Pittsburgh Pirates Make Another Trade: Travis Snider for Brad Lincoln

Brad Lincoln’s name had been thrown out there as a potential trading partner for Shane Victorino, but Neal Huntington found a more attractive option for the Pirates in acquiring the recently recalled Travis Snider from the Blue Jays. The 24 year old tore up the PCL this season with a .335 BA and over 30 XBH and 57 RBI. So far at the MLB level, Snider is batting .250 with 3 HR and 8RBI in just 10 games.

At face value, this is a deal where both teams see different potentials with their team. The Blue Jays were a team I though Kevin Correia could be dealt to if the right cards came up due to their lack of pitching. The Jays are snatching up Lincoln in hopes that he can continue to be a force in the bullpen, but also make spot starts for their shattered rotation. From what we Pirates’ fans have seen, Lincoln is not comfortable taking the ball as a starter…yet. Toronto may hope that they can change that.

Meanwhile, Snider is a former #1 pick who has tore up minor league baseball as of late. A left handed bat, the Pirates are hoping he can develop into a consistent bat with some pop. As of now, Snider still needs work against left handed pitchers and smart pitchers will jam him inside, but the ceiling is high for this guy. From what little information we know about Snider right now, he could potentially hit 3 or 5. I like the move because it keeps Marte at the top of the lineup, Walker can now hit second with the middle of the lineup looking like murder’s row for a right handed pitcher.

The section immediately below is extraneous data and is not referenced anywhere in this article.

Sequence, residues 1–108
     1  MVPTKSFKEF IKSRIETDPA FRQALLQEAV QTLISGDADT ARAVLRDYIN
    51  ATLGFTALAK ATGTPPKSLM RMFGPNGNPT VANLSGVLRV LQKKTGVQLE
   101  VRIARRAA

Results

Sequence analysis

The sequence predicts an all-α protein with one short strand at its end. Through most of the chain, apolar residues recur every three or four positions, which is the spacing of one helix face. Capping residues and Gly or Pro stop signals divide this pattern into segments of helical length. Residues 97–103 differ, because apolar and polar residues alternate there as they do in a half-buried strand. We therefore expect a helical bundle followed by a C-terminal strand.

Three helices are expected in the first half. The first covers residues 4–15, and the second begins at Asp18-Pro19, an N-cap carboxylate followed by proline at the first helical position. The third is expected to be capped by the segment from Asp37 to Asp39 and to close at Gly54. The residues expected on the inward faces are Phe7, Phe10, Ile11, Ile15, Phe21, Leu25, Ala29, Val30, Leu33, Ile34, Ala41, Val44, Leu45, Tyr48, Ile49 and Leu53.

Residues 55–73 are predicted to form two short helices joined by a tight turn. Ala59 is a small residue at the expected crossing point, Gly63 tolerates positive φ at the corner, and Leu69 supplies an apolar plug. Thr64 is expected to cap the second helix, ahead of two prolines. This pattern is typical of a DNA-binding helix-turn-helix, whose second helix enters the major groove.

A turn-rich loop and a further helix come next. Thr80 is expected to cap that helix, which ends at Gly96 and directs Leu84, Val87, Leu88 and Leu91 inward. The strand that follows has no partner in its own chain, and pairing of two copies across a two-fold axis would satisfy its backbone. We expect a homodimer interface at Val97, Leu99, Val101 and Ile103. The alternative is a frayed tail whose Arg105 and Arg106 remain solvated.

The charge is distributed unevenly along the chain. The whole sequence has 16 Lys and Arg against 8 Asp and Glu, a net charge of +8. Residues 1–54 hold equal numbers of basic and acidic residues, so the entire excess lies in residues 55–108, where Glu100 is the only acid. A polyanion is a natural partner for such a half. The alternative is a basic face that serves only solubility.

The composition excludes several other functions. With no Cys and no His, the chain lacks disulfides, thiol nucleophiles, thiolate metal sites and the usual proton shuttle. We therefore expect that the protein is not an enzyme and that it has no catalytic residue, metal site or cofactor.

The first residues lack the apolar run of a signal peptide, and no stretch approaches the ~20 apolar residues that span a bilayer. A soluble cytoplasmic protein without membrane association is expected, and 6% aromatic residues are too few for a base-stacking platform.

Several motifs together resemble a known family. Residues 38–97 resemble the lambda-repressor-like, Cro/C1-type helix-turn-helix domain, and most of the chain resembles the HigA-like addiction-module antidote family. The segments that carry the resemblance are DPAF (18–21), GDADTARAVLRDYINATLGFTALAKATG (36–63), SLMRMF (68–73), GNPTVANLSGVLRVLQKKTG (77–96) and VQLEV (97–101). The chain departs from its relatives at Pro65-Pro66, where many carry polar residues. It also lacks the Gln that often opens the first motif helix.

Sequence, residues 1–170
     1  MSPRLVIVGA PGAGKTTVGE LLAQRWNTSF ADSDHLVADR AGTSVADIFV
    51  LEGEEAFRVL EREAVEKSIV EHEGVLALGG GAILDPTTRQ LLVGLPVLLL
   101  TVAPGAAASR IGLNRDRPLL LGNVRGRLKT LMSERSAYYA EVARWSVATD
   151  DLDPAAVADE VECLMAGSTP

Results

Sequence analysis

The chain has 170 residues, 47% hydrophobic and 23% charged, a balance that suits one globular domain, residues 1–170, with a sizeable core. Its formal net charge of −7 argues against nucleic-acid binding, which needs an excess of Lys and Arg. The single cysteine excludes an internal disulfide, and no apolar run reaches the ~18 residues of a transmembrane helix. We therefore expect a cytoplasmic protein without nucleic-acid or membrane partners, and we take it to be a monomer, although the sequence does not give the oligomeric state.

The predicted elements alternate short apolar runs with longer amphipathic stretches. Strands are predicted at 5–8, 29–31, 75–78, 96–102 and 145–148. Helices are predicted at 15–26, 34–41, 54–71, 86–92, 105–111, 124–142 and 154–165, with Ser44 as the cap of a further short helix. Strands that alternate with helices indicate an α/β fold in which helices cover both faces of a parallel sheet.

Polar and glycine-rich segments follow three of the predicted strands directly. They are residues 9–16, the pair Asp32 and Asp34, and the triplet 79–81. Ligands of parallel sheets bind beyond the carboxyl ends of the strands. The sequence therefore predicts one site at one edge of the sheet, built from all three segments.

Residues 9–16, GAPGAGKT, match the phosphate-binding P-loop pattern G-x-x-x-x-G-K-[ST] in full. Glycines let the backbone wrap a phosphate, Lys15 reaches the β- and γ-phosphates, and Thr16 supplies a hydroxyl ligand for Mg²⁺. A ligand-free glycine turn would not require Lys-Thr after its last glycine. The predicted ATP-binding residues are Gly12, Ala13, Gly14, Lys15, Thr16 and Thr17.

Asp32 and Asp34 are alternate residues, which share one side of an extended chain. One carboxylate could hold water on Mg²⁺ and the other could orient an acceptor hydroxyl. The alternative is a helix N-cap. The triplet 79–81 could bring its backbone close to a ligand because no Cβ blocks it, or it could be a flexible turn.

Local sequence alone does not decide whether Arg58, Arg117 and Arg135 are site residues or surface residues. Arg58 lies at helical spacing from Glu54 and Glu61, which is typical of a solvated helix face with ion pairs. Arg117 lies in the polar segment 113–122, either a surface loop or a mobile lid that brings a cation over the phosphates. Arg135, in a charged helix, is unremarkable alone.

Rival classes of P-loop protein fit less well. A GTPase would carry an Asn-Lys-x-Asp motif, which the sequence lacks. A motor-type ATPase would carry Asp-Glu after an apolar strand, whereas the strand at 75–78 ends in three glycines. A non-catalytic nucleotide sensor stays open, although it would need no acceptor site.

There’s not a whole lot not to like from the Pirates’ perspective. No, the Pirates didn’t get a proven bat with years of postseason experience, but they did not overpay for a player who is producing about the same as any available veteran outfielders. Further more, the Bucs are obviously banking that Snider has room to grow and will be a late bloomer, much like Garrett Jones, who by the way can move back to first. It was a deal where both teams desperately needed what the other had and both are banking just as much on potential as they are on current production.

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